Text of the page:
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PACIFIC COMMERCIAL ADVERTISER, OCTOBER 24, 1887.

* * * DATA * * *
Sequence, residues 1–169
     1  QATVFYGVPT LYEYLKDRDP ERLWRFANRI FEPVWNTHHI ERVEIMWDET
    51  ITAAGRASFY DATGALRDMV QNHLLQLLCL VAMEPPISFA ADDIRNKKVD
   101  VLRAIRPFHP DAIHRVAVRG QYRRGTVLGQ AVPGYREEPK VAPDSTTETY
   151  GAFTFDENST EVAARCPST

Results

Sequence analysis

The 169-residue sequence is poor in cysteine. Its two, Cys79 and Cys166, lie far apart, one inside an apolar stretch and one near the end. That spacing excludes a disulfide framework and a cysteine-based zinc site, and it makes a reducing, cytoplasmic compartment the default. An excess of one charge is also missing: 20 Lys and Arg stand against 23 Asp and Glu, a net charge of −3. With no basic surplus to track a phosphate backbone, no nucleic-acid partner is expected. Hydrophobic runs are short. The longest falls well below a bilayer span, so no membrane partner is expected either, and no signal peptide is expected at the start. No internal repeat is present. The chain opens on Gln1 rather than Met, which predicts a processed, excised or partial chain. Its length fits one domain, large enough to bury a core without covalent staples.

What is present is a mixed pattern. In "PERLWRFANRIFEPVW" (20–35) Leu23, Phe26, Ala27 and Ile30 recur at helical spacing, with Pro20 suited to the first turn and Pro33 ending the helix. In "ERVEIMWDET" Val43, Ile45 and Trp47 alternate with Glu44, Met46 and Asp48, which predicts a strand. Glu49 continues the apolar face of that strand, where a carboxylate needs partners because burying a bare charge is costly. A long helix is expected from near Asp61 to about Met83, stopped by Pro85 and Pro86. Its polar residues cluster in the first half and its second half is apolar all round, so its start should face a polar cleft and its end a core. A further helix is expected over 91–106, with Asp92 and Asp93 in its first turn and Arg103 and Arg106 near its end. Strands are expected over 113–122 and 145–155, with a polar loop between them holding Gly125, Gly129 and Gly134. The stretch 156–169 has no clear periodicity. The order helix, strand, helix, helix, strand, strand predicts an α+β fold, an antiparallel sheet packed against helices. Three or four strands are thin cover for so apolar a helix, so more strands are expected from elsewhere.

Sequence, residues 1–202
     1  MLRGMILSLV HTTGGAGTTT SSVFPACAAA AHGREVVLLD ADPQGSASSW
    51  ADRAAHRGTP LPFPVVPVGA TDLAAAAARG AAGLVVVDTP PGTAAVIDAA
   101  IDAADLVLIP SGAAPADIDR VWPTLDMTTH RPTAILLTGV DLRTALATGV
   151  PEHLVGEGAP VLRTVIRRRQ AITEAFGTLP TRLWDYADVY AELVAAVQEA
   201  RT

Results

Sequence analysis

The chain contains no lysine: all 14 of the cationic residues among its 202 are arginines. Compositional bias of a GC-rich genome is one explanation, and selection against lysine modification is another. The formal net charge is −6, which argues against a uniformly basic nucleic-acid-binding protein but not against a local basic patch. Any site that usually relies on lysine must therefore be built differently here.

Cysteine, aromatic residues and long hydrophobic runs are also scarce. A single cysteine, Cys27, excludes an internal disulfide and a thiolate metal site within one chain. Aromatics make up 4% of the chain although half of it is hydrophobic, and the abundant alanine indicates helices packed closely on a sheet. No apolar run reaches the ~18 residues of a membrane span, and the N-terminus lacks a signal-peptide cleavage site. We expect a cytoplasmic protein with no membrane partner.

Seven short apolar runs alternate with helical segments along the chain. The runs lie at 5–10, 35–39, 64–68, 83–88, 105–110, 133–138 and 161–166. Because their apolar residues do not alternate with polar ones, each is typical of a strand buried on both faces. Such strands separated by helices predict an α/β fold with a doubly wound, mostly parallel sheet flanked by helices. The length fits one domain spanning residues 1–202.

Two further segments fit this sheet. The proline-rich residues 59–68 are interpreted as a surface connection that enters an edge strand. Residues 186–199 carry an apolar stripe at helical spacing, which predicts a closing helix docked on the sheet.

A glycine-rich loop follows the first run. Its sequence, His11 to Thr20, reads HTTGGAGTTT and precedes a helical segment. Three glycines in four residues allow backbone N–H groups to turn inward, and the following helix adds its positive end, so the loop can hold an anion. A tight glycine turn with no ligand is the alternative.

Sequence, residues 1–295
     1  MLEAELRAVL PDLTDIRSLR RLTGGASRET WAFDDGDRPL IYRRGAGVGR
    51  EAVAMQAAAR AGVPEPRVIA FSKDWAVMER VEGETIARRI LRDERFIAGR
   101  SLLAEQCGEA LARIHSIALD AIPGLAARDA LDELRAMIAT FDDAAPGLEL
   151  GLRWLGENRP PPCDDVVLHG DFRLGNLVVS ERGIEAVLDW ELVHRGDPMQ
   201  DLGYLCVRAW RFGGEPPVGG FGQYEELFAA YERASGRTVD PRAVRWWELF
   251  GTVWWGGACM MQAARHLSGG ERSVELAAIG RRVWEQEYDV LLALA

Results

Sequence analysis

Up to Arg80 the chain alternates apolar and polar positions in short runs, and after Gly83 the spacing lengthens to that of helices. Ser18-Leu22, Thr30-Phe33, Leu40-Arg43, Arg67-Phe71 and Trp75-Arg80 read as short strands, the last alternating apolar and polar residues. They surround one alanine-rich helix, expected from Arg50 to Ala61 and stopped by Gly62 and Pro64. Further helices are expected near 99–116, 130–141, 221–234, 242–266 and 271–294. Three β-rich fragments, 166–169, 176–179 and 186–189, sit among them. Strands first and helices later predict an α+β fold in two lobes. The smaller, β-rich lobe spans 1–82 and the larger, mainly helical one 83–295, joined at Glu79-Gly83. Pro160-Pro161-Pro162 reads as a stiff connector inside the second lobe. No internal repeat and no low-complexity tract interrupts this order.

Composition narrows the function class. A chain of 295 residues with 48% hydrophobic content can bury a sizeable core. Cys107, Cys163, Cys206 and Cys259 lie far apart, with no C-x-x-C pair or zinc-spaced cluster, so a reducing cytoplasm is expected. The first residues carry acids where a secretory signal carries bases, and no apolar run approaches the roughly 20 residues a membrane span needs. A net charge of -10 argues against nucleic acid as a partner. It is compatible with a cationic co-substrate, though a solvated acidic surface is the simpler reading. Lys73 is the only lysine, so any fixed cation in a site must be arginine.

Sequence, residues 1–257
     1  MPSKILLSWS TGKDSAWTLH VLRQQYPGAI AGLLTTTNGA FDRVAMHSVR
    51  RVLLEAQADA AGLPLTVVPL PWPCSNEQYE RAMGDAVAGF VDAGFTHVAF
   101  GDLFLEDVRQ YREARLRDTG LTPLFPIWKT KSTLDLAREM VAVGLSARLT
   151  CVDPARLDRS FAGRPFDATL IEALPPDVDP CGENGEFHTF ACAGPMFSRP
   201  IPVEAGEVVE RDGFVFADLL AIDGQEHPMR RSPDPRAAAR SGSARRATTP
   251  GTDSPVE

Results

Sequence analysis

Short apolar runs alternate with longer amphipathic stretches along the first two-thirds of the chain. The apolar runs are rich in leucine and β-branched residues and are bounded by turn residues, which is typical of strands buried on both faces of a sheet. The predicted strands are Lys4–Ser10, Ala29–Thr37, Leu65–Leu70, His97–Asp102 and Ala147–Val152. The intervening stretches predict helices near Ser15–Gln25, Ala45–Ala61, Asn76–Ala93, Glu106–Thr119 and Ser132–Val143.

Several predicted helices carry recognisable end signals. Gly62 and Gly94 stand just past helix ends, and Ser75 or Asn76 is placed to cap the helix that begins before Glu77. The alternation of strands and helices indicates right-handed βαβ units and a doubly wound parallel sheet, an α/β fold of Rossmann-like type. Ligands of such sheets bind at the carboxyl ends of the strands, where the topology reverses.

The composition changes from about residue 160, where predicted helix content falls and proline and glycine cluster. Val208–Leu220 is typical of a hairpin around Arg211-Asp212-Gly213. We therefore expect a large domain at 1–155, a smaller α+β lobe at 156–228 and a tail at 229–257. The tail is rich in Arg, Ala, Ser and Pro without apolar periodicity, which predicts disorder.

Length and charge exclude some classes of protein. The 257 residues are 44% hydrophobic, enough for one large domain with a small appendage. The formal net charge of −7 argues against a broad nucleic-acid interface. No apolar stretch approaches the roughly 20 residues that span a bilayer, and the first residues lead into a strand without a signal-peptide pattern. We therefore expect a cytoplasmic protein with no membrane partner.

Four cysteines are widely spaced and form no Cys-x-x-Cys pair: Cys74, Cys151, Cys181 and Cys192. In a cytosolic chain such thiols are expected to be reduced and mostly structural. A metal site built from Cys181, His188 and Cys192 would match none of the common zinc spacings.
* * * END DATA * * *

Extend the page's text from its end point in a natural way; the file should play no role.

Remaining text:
THZ DAILY 'omereial Atetiser PUBLISHED EVERY MORNING. SAMOA. Jlalietoa Farewell Letter ta tlie ConnlH-Tlie Kival liingT Inter esting rarts. -:o:- tebjii of srnscaiPTios, recognized outside of Opolu, and even ) in that island his party was styled j Per annnm ... 8ix months Per month..... S W 3 00 50c a5ar$aferiptfon Payable Always in Art vauee. Communications frnTi all part; of the Kingdom will always be very acceptable. Person remMIn? in any part of the United states can remit the amount of snbscription due by Post Office aiony order. Matter Intended fr publication in the editorial columns should be addressed to ' BTJTTOn PACTlTtC f 'ONfM KKCTAI. A DVKRT7SKS.' Bi)iios9 communications and a.ivertiHtnnts nou Id b addressed simply " P. C. ADvransKR, And not to indivldnals. Pacific Commercial Advertiser fs now for sal dulv at the b'l)wins PTaces . H. SOPER - "rercnant street A. M. HEWETT Merchant .street T. O. THRUM Fort street WM. STRAHLMANN Hawaiian Hotel Five Onf4 ppr rpy. MONDAY October 24th Small-pox is prevalent at Melbourne Haxlant, the oarsman, arrived at Syd ney in good health, He commenced training October :d for his race with Beach. The farewell letter written by Malietoa to the British and American Consuls, the night before hi3 surrender, was as follows : Apia. Samoa. September 16, 137. To W. H. Wilson, Esq., Britbh Pro-Conlul: I, Malietoa, King of Samoa, write this letter to you, as I am now in great dis tress. When the Chief, Taniasese, and others first commenced the present i rr.nKic.-a if mr wish rn rmnish them. ! body. and put an end to the rebellion they had raided. Acting, however, on the advice, and under the assurance, of the then Brit ish and American Consuls, I refrained from doing so. I was repeatedly told by the representatives of the British and American Governments that they would afford me and my Government every as sistance and protection if I abstained from doing anything that might cause war among the Samoan people. Reij-ing upon these promises, I did not put down the re bellion. Now I find that war has been made upon me by the Emperor of Ger many, and Tamasese has been proclaimed King of Samoa. The German torces and the adherents of Tamasese threaten to make war upon all Samoan people who do not acknowledge Tamasese as King. I am innocent of an- wrongful act, and hereby protest against the action of Germany; but, as the German nation is strong and I am weak. I yield to their power to prevent bloodshed and out of love to my people. 1 desire to remind 3011 of the promises so re peatedly made by our Government, and trust that you will so far redeem them as to cause the lives and liberties of my people to be respected. I wish to inform you that I fear the Germans will compel me, as they are now torcing my people, to sign papers acknowledging Tamasese as King; and if I sign such papers it will only be under compulsion and to avoid war being made on my people. (Signed) Malietoa, King of Samoa. The following is a copy of a letter from Consul Becker to Malietoa, which throws the fullest light on what has hap pened at Samoa : German Consulate Samoa was the creation of a "King"! which position he resigned May, 1S37. with supposed jurisdiction over all the j Since then he has been unable to do islands, but Malietoa's authority was not j anything. His decorations are as ioiiows : Knignt Companion of the Royal Order of Kame hameha I. ; Grand Officer of the Royal Order of the Crown of Hawaii ; Grand Officer of the Royal Order of Kalakaua; Grahd Cross of the Rising Sun, Japan; Grand Officer Royal Order Akoua of Servia; Grand Officer Crown of Prussia; Grand Cross Crown of Japan ; Red Cross of Belgium. The deceased was a member ot Ha waiian Lodge No. 21, F. and A. M. The funeral takes place this afternoon at 3 o'clock from St. Andrew's Cathedral, the Rev. Alexander Mackintosh having charge of the services. The remains will be interred in the Kawaiahao Ceine-terv. "rebels' by those who adhered to the ancient Samoan form of government j the federal rule of the chiefs as adminis- j tered by the two legislative bodies j called the Taimua and Faipule. The idea of a King is foreign to Samoan j ideas the natives being strictly repub- ; Iican in their views, and the titles of j chiefs not being hereditary, but being j bestowed by election of the governing j THIS SPACE IS RESEBVED Apia, August 23, 1337. To Malietoa, the King of Love of war has always distinguished j the Samoans, and now, although Chris- j tianity and education are all embracing, j the natives find it difficult to give up I their old practice. Some fifteen years ! ago, the adherents of young Malietoa, j being led to believe that his uncle also a Malietoa had formed a scheme to I usurp the functions of a chief, declared j i war; but young Malietoa, who has ever j been prone to place himself under the ! guidance of the missionaries, withdrew ! into privacy for a time. The war was j carried on for some years with varying j results the whole of the islands being j dragged into the strife; and the upshot I was the settlement effected by Sir Arthur Gordon, and the elevation of young Malietoa to the position of King, j As showing the esteem in which Malie- ! toa is held by the Samoans generally, it j is worthy of note that during the war j his person was held sacred and no at tempt was made to attack him or make him prisoner. Tamasese claims to be the real owner of the land at Mulinuu Point, where King Malietoa had established the seat of his government. A portion of this land had been acquired by an American named Coe, who sold it to the German Plantation Company, and the latter erected a flagstaff upon it, and hoisted the Imperial German flag. This flag was a continual annoyance to the Malie toa party, and had latterly been re moved by force the flag of Samoa under that of the United States being affixed in its stead. It J Said I hat the ram wiu do a great aeai or good; that Hon. J. A. Cummins has gone to the Coast to look after his .1 m ...mi new steamer: mat apt. inpp win bring her down ; that the churches were not well attended last evening; that the roads are in a muddy condition ; that there was a wedding on Saturday night; that a fight took place on Saturday be tween a hare and a rat ; that the hare got the best of it; that the Legislature meets next wr-ek ; that there will be two parties in the house ; that one will 1 ,ti. oe only one-tnird strong; ttiat a well- FOR THE Popular Millinery House, jG4 "Port St., Honolulu, known electee lawyer is likelv to be President of the House; that the Su preme Court will have a large audience to-morrow; that the Marshal likes cigar ettes ; that the way to men's hearts is down their throats ; that all the per formers did not get bouquets Saturday night; that Signer Roselli likes poi and pig; that there will be some loan news this week; that Sam Weller's advice, "beware of widders," is worth following. King Tamasese is looked upon by the J follows His Majesty Samoa : Your Majesty: I am commanded b the j Government of Germany to inform you as JOHN MAKINI KAPENA. V samoans as ot very little count; and, if not bolstered up by the Germans, would not lasf p.s King a week. 1 re Breathes Hi Lait 011 Sunday 3Iorulae at Ptluela. Much dissatisfaction is expressed in British Protestant circles at what has been described as the "unwisely weak" policy of the British Government with respect to the French occupation of the New Hebrideas. A book agent who invaded the King dom of King M'Wanga of Africa 3 was captured by order of His Majesty and quartered into seventeen pieces. The ao nt was selling a fashion magazine, and the King has 1,00 wives. Titk New South Wales Government are considering the expediency of intro ducing, conjointly with fche other colo nies, a measure to prevent Chinese im migration. The South Melbourne peo ple have decided that no Parliamentary candidate shall have their support unless he agrees to a 100 poll tax on Chinamen. Municipal suffrage has just ben granted by the British Parliament to the women householders of Belfast. Women householders have had municipal suf frage in England for eighteen years, and in Scotland for four years ; but this is the first step that has been taken towards extending the same right to the women of Ireland. There are about 8,000 women householders in Belfast who will be entitled under the new law. 1. That vour people attacked German people on the evening of the day celebrat- j ing the anniversary of the birthday of His j Majest- the Emperor on the 22d day of j March of the present 3Tear. This action j has caused great offense and much distress j of mind to the Emperor and to a" the ! German people. j I now inform you to become on friendly j terms with the Government of Germany in this wise. You will be quick to punish the i above offenders and do so at once. You j will also pay the sum of 1,000 to those who were wounded, and you are to make ! the most abject apology to Germany. j 2. From one year to another vear in the i past your people have stolen animals and ! produce from plantations belonging to i Germans, and have injured their lands. For four years they have continued this abuse of their lands to the extent of more than 3,000 each year. T now inform you that you are to pay quickly for all this abuse by your people. 3. For many years' past your judges have been unable by themselves to protect Germans among you, and this is the rea son your people have been abusing the Germans. About half-pat 12 o'clock Sunday morn ing the Hon. John Makini Kapena died at his residence, PeleuIa,Nuuanu Avenue. He had been ailing for some time past, and as his health had not been in sound condition for several years, his demise was not unexpected. The deceased was born October 1, 1843; therefore was 44 years and 21 days old at the time of his death. He was the only son of Makini and Naawa, the latter a high chiefess related to His Majesty King Kalakaua. According to Hawaiian custom, when John was a baby he was adopted by Kapena, his uncle, who brought him up. When quite a child his father died. His mother died about six years ago. The deceased was first sent to the Royal School, and afterwards to Oahu College. It was at the latter institution, however, that he progressed so rapidly. He was a bright youth, and studied very hard. At the time of his death he was considered a Hawaiian scholar of marked ability. He was a diligent student of Hawaiian IS". S. SACHS, PEOPRIETOE Ij Tlie Leading: Millinery Bouse -OF- '-.-14 l1 T f. a t- i rr? : 1 s i I now tell you that it is highly necessary j literature, and . understood the native that the Government should be more severe in their trials and judgments in order that ! they may be able to protect Germans in the future. It just GERMAN ANNEXATIONS CIFIC IN THE PA- A Sydney, N. 8. W., dispatch of Sep tember 23th says that the Premier of the Colony the previous day received two proclamations which have been is sued by the German Government in re spect to the occupation by that Power of certain territory in the Pacific. One of the proclamations state that the Gov ernment have taken possession and as sumed sovereignty as protectors over part of the islands lying north from the line of demarcation agreed umn hv the declaration between the German Gov- I marks upon hIs forehead anl his feat is my opinion that there is nothing or correct in Samoa in all the days that you may have the rule, or wlr'e you are at the bead of the Government. I send you this letter the morning of the present day. I shall be at Apega on the morning of to-morrow, Wednesday, Aug ust 2ith, at 11 o'clock a.m. I want to hear from you your reply. May you live. Becker, German Consul THE RIVAL KINGS OF SAMOA. The following is from the Auckland, N. J., "Star" of recent date: Malietoa is a chief of the highest caste in Samoa. The name signifies "great warrior," and its present bearer is the descendant in direct line from the ancient chief who first obtained the high and honorable title for his bravery in wars against the Tongans. He is still a comparatively young man, but "the cares of State" have been many, and have left their ernment and the Government of Great Britain and Ireland, dated April 6, 1S36. The German Government have also con ferred a charter to deal with the natives of these islands upon the New Guinea Company, and the charter permits the company to colonize and generally to ex ercise the same rights as the company now enjoys in respect to German New mEeaB;e hoever, prohibited from engaging labtor exportation ex cept to the German Hettl-cnt at Sa moa. The company arcr.also Prohibited from buying land from te natives and Bupplying them with armslammunition arid spirits. The proclamations refer only to the islands north of the Solomon Islands, and have no beariif' uPn Samoa. v 1, J o Tlie Sew Constitution. The P. C. Advertiser office priDf.ed the new Constitution in pamt nhlet form. It is inserted in the "HonoAJ lulu Almanac and Directory," which also contains the old Constitution, and will be sold at the old price fifty cents a copy. ures wear a habitual expression of anx ious deliberation. He was recognized as King of Samoa by England, Germany and the United States, and so far as is known, is still entitled to be looked upon in that capacity. - His rival, Tamasese, who has been proclaimed King by the German Commodore, is not of such high caste, though, like Malietoa, he was a chief of standing and authority. By re cent advices, the Germans had suc ceeded in bringing forward a third claimant to Samoan sovereignty, but his claims appear to have been dropped. These three "Kings," so-called, no doubt represent the three districts into which the island of Upolo used to be divided, each having its chief with the title of 'Tui." Malietoa was ruler of tlie central part of the island, Tuama- saga, in which the town and port of Apia is located, and nearly the whole of the European population being in his territory caused him to be looked npon ias of superior authority. In point of faft however, his native following: ha 3 always been in the minority. i;he result of foreign interference in tongue perfectly. There were few Ha waiians who were better acquainted with the idioms of the language than J. M. Kapena. He spoke the English language a'so with ease and fluency. In 1S63 he was married to Miss Emma Malo, who died I? it year. They had one daughter born to them, Leihiu, in 1868, who survives them. The body laid "1 state during Sunday forenoon, and was visited by a large number of his friends and acquaintances. His Majesty the King and H. R. H. Princess Liliuokalani were among the callers. In the afternoon the body was placed ii a highly polished koa wood coffin, on which were a large number of beautiful floral tributes. At the head of the coffin were his decorations that had been con- ' ferred on him by various monarchs. The j deceased held various positions of trust j during his lifetime and was quite popular ! throughout the entire group. ! After leaving school h first went as j purser of the Kilauea Hou. Next we j find him working on a rice plantation, j and afterwards editing a Hawaiian news- j paper. In 1373 he was appointed Cir- ; cuit Judge of Oahu and also Colonel on j the staff of His late Majesty Lunalilo. In 1874 he was made a member of the Privy Council, also of the House of Nobles and Governor of the Island of Maui. In 1876 he was Minister of Fi nance, and two years later Minister of Foreign Affairs. In September, 1SS0 he was appointed on a committee to revise the Civil Code. Previous to this he ac companied His Majesty the King to the United States at the time the Reciprocity Treaty was obtained. On July 20, 1881, he was appointed Postmaster General of the Kingdom. A year later he went to Japan as Special Envoy and Minister Plenipotentiary, the present Marshal of the Kingdom, Hon. J. L. Kanlukou, act ing as Secretary. On his return he was again appointed Minister of Finance, and on August 14, 1SS3, a member "of the Board of Education. At the latter end of I8S0 he was sent as Special Com missioner" to the Louisville Exposition. On August 30, 1836, he was commis sioned as Collector General of Custom a . " 1 ' .... ;'--J v J Z-'r-M ... M L 1 1- A T mi Absolutely Pure. Tlu-apowfitiri r-.ver varies. A marvel .of purity, ptren'rrh. 3-"'l v hclosomeness?- llore economical than tho err' ivirv kh. is,aiul cannot be sold in com- petitio- lo vr-test, shcrf SL V. yax. Powii Co.. 103 WaSy T. COl,F.:I.tX3fc CO., Agents, SAN FRANCISCO, CAL. d ffW Chas. J. Fishel COR. FORT & HOTEL STS. Win. G. Irwin & Co OFFER FOR S.U.E For two Weeks Only DRY GRANULATED In Barrels, Hal Barrel 1, And 30-pound Boxes, fn Half Barrets 15 -pound I'.oxhs, CUBE Our Semi-Annual Eemnant Sale will take place NEXT MONDAY POWDERED And In r.O-ponnd Box-a. GOLDEN C. COFFEE In Half Barrt-i TEAS Bine Mottled Soap All our remnants will De placed on the Counter, and marked way down. In Ladies Trimmed and Untrimmed Hats, we are prepared to offer BIG BARGAINS. Remnants in all departments. Come and see what we offer you next MONDAY. Cases Corned Beef. CHAS. J. FISHEL, Leading Millinery House. FLOUR Cs Medium Bread. OIL FUEL and LCEBlCATraa. JAS. F. MORGAN, Auctioneer FUNERAL NOTICE. IY ORDER OF TFF. W.-. M. THERE WILL, y be a called meeting of Hawaiian Lodge No. 21, F. and A. M., at Its hall THIS DAY at 2 o'clock p. ra., for the purpose of attending the funeral of our late brother John Makini Kapena. Mem bers of Lodge Le Progres de l'Oceanie No. 124, F. and A. M., and visiting brethren are respect fully invited to attend. H. F. POOR, Secretary. AND- LIME CEMENT Commission Merchant. Galvanized Iron Eooling, RIDGING SCHEWS and WASHERS. M R. JAS. F. MORGAN, LATELY A PARTNER of the firm of E. P. ADAMS & CO., now dissolved, -will from this day carry on the busi ness of Auctioneer and Commission Merchant in the premises lately occupied by E. P. Adams & Co., No. 45 Queen street. Honolulu, September 1, 1887. 809tf Sugar Bags 22x30. COEDAGE. IIOLLISTER & CO., Druggists and Tobacconists, WHOLESALE AX1) RETAIL. 59 Nauann street, and cor. Fort & Merchant Sts. 83 wtf .Ana Twine. Whale Lln GRASS SEEDS. 8 :' GRATEFUL COMFORTING. B S ifH BREAKFAST. a thoror.h knon-jede o. the natural Iaw hicb govern the operations of digestion and nu t.ition. and by a careful application of the fine properties o well-selected cocoa. Mr. Epps has provided oar breakfast tables wita a delicately Savoured beverage -which may save us many heavydoctor s bills. It i3 by the Judicious use of such articles of diet tlrat a constitution may be gradually built up until strong: enough, to resist every tendency to disease. Hundreds of subtle -maladies are floating around us ready to attack; wherever there is a wealc point. We may escape manv a fatal shaft by keeping' onrsetres well fortified with pure blood and a properly nourished frame." See article :n the Civil Service Gazette. Made amply with boiling water or miljc. Sold in Jilb. packets by grocers labelled thus JAMES EPPS & CO., HOMOEOPATHIC CHEMISTS. 9Sa-n23 LONDON, EJULAXD. COCKSFOOT, li YE GRASS, ENG LISH REI CL0HE COW GRASS. . T'l ir Steam Pipe Ur Covering. The atte: Improvin is called to th offer for sale : . We have al Clover, Engl Crested Dog' Grass and 1 small lots for for quantitiej and execute t C5.17-junel3t. X. J. BASS OV T;7 ALL INTERESTjtd FN -.e p T"re lands of the Islands -v-- i jl.-.bla seed., which r 3 .-ui-. rrc haters. Tn tr.-i .'jple lets of White i: ; : - ". otty. Rib Grass, .:. Italia Rye ,! TctAth te t S r la i. d : !.-. receive ordera ' i: toa weight, GRASS ji - IILL TIIIBEllS. ? ' itabl far -tnif parties tf :j.xzm s ? satis u WM. 6. ILTTlE & Co., 'OUtAXt FACTOR O Afj.NTss. Hon.iiUlu and Comznimloa U. I. 18-tfwtf I1 T IR Importers of -A.rtists? - 1. H. BB.O'1 - 4. ft CO. ...'"V 2 Ld terials. Paints, Oil-, 'ilass, ri.-r. sK.a-. Tnrpen c. Man.uf.v.r-r? or "Tc idia..., t-icv 14 and 16 Llh 5 ' r t n -r ? . tvt. ST. PHILLIPS & Co., Imiiortern and Wholesale IeMleri In CuiLa?, Bo;.-s, Shi es, Haia, Men's Furnish n is; ar. l Fmcy Gcia. No. H Kaahuma-tu street Honolulu, H. I. 25tf-wtX BURGESS Hawaii n Mariii Subscrlptic open at tnai nf- o. Expressniaii & Draymauy S4 KING STREET, Te'. 3pboue No. 70ijel6tf HONOLULU Residence, 153. i. im E. HACEFELD & CO., L Ci"? i , i;.iSa bi,f It . aw Li.,